Top Hair Loss Treatments
From plugs to lasers, the fight against balding has come a long way.
1939: Japanese doctor Shoji Okuda is the first to publish the results of clinical hair-transplant experiments.
1952: Dermatologist Norman Orentreich, M.D., uses four-millimeter punches to perform the first hair transplants, popularizing “hair plugs” to treat male-pattern baldness. Each plug of some 20 hairs is taken from a “donor site” on the scalp (usually toward the back, where there’s adequate growth). They are bulky and, more often than not, the results look like a poorly hoed garden.
1984: Mini-grafting—the use of grafts containing up to six hairs—is introduced.
Late ’80s: Mini-micrografting, the combination of mini-grafts and smaller micro-grafts containing one or two hairs, becomes popular as a more natural alternative.
1995: New York dermatologist Robert M. Bernstein, M.D., and New Hair Institute founder William Rassman, M.D., develop Follicular Unit Transplantation (FUT), which uses a special microscope to identify individual units of one to four hairs, plus nerves, blood vessels and a tiny muscle called the erector pilorum (the same muscle that makes a cat’s hairs stand on end). Transplanting these intact units ensures their maximum survival and a much more natural look.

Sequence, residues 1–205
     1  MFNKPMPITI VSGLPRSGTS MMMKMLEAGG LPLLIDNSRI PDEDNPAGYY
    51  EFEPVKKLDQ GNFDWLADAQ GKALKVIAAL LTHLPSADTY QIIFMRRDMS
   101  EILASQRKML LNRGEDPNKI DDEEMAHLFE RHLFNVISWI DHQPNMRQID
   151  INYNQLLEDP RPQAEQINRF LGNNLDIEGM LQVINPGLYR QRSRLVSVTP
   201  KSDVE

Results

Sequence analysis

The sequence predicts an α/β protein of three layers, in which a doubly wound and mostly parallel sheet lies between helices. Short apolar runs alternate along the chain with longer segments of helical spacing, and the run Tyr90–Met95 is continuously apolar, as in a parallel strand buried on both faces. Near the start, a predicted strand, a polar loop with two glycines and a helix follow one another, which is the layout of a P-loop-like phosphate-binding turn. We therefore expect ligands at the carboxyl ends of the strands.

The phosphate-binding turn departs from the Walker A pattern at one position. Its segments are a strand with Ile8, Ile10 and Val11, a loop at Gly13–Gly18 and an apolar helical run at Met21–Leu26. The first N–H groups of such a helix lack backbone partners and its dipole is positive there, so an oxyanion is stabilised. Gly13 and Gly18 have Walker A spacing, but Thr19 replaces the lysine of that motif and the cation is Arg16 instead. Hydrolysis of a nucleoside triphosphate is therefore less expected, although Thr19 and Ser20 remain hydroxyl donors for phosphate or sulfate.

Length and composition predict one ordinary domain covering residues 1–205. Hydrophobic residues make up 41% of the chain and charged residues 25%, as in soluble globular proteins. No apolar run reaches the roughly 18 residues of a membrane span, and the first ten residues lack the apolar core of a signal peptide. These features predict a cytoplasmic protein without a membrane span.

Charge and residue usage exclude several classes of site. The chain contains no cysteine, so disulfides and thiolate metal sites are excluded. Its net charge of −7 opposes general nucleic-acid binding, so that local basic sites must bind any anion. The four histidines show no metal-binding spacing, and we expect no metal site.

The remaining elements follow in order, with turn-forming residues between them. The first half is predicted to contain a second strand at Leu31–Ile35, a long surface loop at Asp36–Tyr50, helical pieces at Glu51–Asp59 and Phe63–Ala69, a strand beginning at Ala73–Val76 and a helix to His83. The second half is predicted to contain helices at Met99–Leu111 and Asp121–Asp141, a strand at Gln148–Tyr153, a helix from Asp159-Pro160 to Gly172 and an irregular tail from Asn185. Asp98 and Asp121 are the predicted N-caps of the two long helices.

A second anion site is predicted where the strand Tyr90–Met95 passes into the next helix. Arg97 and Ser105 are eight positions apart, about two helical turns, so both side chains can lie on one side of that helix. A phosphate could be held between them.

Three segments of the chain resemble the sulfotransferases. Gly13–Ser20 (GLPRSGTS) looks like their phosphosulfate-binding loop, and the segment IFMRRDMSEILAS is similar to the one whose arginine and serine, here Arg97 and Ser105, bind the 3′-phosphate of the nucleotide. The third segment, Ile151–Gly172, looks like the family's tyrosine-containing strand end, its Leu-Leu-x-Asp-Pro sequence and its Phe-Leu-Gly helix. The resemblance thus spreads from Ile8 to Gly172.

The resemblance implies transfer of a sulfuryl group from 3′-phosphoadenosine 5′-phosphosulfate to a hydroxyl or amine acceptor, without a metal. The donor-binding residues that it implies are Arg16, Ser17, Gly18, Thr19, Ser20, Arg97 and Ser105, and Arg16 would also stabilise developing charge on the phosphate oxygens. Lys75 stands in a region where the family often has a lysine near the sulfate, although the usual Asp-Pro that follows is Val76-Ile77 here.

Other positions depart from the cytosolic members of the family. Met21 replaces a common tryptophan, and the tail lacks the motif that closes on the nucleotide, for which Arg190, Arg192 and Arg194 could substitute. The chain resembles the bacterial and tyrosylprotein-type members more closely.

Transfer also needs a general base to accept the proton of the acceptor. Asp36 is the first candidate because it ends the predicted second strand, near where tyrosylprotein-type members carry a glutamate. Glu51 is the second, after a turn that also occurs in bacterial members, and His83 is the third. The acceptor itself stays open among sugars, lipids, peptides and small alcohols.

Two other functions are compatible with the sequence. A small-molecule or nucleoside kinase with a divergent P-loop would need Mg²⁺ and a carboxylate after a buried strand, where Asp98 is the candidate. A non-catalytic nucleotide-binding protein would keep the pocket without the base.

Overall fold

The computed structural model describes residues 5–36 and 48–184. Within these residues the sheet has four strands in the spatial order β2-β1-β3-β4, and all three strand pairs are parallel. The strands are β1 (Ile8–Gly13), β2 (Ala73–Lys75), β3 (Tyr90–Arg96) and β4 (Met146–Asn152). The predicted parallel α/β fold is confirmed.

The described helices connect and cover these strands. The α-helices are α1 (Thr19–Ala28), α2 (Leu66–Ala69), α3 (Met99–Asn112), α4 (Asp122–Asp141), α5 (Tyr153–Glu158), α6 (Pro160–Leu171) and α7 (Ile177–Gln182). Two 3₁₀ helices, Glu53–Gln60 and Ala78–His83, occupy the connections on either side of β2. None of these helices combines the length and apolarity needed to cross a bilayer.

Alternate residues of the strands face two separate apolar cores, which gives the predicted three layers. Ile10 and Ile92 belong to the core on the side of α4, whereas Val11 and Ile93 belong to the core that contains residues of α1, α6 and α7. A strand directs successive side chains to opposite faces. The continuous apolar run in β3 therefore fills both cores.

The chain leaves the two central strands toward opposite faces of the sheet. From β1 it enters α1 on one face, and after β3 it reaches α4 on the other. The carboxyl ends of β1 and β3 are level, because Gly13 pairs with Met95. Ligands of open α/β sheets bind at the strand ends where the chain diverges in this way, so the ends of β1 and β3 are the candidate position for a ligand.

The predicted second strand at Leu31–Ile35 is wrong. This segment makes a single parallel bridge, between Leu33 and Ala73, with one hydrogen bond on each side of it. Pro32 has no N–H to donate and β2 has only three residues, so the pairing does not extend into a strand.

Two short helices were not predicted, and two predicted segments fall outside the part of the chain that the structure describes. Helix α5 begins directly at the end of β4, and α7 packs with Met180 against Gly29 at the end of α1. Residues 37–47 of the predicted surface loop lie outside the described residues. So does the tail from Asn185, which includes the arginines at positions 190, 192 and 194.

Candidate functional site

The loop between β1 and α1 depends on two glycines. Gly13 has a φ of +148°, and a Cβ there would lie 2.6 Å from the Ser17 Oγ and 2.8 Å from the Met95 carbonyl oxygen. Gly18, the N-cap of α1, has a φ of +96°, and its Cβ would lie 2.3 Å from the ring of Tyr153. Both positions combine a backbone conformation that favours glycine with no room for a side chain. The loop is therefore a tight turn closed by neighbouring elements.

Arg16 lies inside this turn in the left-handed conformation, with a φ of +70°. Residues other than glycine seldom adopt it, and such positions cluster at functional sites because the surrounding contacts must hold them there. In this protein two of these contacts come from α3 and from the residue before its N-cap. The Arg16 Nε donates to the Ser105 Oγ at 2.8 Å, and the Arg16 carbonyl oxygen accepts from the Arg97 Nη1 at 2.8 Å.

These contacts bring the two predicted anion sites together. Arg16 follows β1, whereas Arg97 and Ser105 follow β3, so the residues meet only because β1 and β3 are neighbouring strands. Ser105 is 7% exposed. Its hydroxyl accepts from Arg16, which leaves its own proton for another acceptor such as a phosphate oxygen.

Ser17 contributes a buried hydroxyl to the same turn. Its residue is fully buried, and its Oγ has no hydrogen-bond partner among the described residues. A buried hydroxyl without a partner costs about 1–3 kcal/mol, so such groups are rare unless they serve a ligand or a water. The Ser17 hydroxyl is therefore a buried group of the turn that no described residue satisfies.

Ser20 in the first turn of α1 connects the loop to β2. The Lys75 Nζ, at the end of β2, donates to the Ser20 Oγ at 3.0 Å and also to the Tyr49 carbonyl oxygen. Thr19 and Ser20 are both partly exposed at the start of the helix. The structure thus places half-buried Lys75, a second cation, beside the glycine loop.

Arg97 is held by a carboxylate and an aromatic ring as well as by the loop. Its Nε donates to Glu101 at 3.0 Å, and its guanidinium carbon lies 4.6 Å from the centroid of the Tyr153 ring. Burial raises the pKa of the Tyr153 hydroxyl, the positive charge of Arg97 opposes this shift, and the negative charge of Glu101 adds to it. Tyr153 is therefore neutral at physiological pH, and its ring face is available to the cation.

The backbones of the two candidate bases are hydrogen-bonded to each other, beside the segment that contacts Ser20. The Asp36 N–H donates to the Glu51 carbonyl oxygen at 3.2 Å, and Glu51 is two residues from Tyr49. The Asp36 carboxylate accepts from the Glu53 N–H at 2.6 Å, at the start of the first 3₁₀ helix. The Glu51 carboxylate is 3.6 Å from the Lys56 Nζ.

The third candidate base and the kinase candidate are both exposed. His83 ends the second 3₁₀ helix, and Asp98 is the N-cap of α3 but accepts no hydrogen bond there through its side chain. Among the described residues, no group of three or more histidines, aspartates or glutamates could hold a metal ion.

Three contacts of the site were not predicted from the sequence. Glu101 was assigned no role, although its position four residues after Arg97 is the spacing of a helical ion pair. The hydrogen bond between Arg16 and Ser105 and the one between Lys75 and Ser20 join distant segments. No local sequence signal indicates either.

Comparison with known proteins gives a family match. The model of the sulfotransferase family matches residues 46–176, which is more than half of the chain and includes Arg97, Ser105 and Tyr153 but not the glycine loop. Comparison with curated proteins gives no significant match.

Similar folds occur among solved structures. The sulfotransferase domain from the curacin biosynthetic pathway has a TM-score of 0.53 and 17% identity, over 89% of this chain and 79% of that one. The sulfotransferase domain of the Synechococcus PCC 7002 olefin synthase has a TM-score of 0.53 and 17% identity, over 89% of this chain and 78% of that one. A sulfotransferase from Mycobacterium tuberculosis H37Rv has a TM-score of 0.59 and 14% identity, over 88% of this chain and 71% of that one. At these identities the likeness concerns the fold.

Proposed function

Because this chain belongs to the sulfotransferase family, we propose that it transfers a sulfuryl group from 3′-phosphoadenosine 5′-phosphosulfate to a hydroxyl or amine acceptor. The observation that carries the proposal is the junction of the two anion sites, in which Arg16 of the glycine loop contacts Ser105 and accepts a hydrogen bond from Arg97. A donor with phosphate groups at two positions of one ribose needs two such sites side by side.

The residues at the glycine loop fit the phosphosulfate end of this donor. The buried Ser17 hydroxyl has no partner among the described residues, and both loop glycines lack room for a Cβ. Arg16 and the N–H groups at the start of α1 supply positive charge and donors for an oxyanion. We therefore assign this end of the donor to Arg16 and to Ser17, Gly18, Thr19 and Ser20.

2002: Dr. Bernstein and Dr. Rassman offer even more refinement with Follicular Unit Extraction (FUE). With FUT, the donor hair is harvested in a single strip, leaving a linear incision; with FUE, the hair is harvested with a tiny punch that leaves lots of tiny circular incisions—a noticeable advantage for patients who want to wear their hair short. The disadvantage is that FUE requires a much larger donor site, and the results may not all be permanent.
2007: The FDA clears low-level lasers, which promise that the absorbed light will stimulate cell metabolism and protein synthesis to regrow hair. “For women, we don’t have much else to offer, and the benefit is subtle at best,” says Dr. Bernstein.
2008: Latisse, a prescription treatment to grow thicker and longer eyelashes, is cleared by the FDA. Now Allergan, the company behind Latisse, is doing a clinical study about a new formulation of bimatoprost (the active ingredient in Latisse) for male-pattern baldness and moderate female-pattern hair loss. The world waits with bated breath.
The Eyes Have It: Latisse, the wonder product that helps grow longer, thicker eyelashes, is sometimes prescribed off-label for over-plucked eyebrows. Though there has been a recent influx of over-the-counter brow products, they have not been approved by the FDA. In the future, says New York dermatologist Gervaise Gerstner, M.D., there will be skin patches, just like nicotine patches, for eyebrow and any other kind of hair growth, but these are five to seven years down the line. Until then, there is always the eyebrow pencil.